The Malta Independent 1 June 2023, Thursday
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‘AI will change a lot of things fundamentally,’ University professor, senior IT specialist

Andrew Izzo Clarke Sunday, 26 March 2023, 10:00 Last update: about 3 months ago

ChatGPT4, the latest iteration of OpenAI's natural language processing AI model, was released last Tuesday following the success of its predecessor ChatGPT3.5.

OpenAI's ChatGPT4 presents a significant milestone in the field of artificial intelligence, with its advanced language understanding and generation capabilities.

As Malta's technology sector continues to expand, the integration of ChatGPT4 into various industries can lead to innovative solutions, improved efficiency and economic growth.


In a press release issued in tandem with the launch, OpenAI said “while [GPT4 is] less capable than humans in many real-world scenarios, it exhibits human-level performance on various professional and academic benchmarks”.

The company claims that GPT-4 can write code in all popular programming languages as well as read, analyse and synthesise up to 25,000 words of text.

Dr Dylan Seychell at the University of Malta’s Department of Artificial Intelligence, and Mark Erik Szoldan, a member of the Hungarian Engineering Academy and a senior IT specialist, both offered their perspectives on this new and improved version of ChatGPT, and the potential implications this development has for the future.


1) What is the difference between the latest version of this AI, ChatGPT4, and the previous iteration ChatGPT3.5?

“Firstly, this new model can handle more words in its user-prompted context than the previous one, meaning that responses can handle a larger volume of text and therefore add relevance to the context that the user adds,” said Seychell.

“Secondly, whereas the previous model received only text input, the new version is multimodal, meaning that it can recognise and process both text and images, although it can only output text for now,” said Seychell.

Seychell clarified that “this ability of AI models to recognise images and detect objects in them has been around since about 10 years ago. What’s new is the merging of this ability to provide more context within the chat feature.”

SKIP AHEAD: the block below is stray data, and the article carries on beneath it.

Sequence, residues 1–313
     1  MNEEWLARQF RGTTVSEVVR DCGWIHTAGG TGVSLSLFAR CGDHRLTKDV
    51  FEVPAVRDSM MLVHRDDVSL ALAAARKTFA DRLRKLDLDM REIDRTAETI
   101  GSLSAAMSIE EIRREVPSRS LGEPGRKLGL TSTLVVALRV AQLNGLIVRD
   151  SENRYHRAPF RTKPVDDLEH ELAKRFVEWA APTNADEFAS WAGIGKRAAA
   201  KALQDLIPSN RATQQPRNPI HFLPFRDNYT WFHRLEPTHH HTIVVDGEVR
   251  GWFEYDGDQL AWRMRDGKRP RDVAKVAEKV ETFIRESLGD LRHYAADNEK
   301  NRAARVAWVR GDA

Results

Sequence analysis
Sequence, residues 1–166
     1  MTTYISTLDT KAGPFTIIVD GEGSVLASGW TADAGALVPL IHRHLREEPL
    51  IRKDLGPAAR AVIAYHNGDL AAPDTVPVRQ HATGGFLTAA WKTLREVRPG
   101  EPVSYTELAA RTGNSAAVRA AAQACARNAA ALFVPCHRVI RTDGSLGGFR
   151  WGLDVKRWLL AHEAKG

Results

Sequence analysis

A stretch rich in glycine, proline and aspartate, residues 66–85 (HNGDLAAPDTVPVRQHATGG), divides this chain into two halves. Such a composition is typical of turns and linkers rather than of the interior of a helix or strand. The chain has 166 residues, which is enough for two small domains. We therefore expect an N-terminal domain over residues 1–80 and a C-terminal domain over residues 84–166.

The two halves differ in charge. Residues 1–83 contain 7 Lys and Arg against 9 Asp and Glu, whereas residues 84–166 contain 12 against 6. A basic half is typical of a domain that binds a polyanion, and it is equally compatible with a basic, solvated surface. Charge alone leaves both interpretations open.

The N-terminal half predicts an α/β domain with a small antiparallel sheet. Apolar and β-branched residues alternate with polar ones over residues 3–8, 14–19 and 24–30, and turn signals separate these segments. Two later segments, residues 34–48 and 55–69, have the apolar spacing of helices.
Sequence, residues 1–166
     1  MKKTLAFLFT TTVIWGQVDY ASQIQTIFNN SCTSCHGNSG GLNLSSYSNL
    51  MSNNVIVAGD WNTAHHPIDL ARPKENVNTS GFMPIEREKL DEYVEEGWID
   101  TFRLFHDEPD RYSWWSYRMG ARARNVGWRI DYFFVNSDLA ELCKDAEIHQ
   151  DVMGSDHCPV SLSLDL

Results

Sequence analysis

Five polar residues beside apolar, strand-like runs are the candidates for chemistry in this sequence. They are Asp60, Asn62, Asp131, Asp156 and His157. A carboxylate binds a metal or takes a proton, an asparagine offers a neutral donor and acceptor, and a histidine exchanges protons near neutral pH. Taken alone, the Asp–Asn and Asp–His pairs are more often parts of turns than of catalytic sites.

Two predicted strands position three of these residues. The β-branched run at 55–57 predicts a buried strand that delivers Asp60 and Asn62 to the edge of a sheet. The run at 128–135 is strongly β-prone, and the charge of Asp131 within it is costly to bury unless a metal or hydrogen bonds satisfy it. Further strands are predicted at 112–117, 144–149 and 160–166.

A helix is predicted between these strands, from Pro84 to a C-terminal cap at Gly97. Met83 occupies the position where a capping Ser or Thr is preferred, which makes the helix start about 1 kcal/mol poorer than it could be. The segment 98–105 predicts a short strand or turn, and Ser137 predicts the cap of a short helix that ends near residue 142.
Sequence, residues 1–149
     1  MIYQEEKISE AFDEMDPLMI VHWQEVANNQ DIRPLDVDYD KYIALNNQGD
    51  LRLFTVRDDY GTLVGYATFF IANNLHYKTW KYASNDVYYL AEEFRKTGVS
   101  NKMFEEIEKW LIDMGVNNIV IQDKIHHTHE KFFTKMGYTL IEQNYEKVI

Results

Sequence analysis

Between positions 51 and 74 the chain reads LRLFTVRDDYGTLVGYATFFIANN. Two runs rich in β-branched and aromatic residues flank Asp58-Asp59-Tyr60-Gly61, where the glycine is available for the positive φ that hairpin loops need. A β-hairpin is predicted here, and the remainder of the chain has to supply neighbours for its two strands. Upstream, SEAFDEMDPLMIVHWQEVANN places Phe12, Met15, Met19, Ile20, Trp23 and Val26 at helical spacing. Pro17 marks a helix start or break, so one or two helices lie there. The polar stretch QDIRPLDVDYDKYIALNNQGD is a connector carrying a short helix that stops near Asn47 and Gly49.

“Further, the new version also addresses what’s called ‘hallucination’, which is the technical term for when the model invents plausible sounding answers to questions that it doesn’t know the answer to.”

“According to OpenAI, this is an issue that has been drastically reduced,” but Seychell was quick to point out that “this correction isn’t without its dangers too, as people are less likely to fact-check the AI’s claims if they think it’s more likely to be correct in its responses.”

Szoldan was slightly more emphatic in describing the “massive difference between the two versions”, stating that the main difference lies in the latter’s “capability to contextualise the information with which it’s presented”.

Szoldan said that “from the application perspective, I believe this breakthrough is huge because this AI shows an unprecedented ability to understand contexts in a human-like manner. The application possibilities are endless and there are already some ChatGPT4-assisted solutions available. These skills will further improve with time and will develop to be able to understand contexts that we can’t yet fathom”.

“Of course,” he continued, “it will take time for people to start using the technology and for companies to come up with viable services that will be used widely, but, in the longer run, I think it will change a lot of things fundamentally.”


2) Does this new version point in the direction of the coming singularity, as proposed by Kurzweil? Or are such notions merely science fiction?

Ray Kurzweil's concept of the singularity refers to a hypothetical point in the future when technological growth, particularly in the fields of artificial intelligence and computing, reaches such an advanced level that it results in rapid, uncontrollable and transformative changes in human society.

Kurzweil, an American inventor, futurist and author, is a prominent advocate of this concept, which he explores in depth in his book The Singularity is Near, published in 2005.

At the heart of the Singularity lies the development of artificial general intelligence (AGI), a level of AI that possesses the ability to perform any intellectual task that a human being can do. 

According to Seychell, “in its current state, ChatGPT4 is definitely not a form of AGI. In fact, it’s still too early to say definitely whether artificial general intelligence is possible or not”.

He added that, despite the fact that we are nowhere near the Singularity with this present technology, the level of refinement in how the information is presented to the end user is exceptional.